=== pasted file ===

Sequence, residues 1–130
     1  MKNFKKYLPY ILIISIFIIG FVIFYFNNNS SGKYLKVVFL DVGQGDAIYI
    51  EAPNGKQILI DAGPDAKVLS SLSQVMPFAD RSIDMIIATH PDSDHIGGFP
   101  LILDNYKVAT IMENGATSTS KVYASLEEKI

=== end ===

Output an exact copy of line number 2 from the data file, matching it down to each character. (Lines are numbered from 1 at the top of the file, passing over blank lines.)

     1  MKNFKKYLPY ILIISIFIIG FVIFYFNNNS SGKYLKVVFL DVGQGDAIYI